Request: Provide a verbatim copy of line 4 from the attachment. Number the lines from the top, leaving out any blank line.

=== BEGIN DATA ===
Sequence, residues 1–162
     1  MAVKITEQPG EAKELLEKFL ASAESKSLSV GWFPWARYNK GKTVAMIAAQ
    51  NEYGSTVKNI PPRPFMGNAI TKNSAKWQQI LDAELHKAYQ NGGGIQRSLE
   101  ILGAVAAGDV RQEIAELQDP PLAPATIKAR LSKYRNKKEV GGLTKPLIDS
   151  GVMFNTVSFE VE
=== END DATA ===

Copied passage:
   101  ILGAVAAGDV RQEIAELQDP PLAPATIKAR LSKYRNKKEV GGLTKPLIDS